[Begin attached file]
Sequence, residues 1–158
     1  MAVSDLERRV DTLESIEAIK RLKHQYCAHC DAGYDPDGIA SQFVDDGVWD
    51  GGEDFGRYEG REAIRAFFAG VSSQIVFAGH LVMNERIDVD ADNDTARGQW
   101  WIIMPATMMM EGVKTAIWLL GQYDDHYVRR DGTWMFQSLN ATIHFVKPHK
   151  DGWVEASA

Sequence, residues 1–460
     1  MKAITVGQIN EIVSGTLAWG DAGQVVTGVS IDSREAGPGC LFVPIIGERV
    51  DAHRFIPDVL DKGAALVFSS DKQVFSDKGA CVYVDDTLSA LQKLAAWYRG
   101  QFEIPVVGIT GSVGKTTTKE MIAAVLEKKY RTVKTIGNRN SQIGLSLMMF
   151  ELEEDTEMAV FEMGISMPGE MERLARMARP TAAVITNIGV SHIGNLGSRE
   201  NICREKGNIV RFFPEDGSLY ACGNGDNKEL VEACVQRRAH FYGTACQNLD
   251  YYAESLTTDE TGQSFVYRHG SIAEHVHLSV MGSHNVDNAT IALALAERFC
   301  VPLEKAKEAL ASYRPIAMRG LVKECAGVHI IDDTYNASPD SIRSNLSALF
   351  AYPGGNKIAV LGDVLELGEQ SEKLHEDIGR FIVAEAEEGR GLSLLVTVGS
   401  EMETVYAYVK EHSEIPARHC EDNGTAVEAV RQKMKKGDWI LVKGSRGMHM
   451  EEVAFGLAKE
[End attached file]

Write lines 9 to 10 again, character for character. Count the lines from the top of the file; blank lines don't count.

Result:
   101  QFEIPVVGIT GSVGKTTTKE MIAAVLEKKY RTVKTIGNRN SQIGLSLMMF
   151  ELEEDTEMAV FEMGISMPGE MERLARMARP TAAVITNIGV SHIGNLGSRE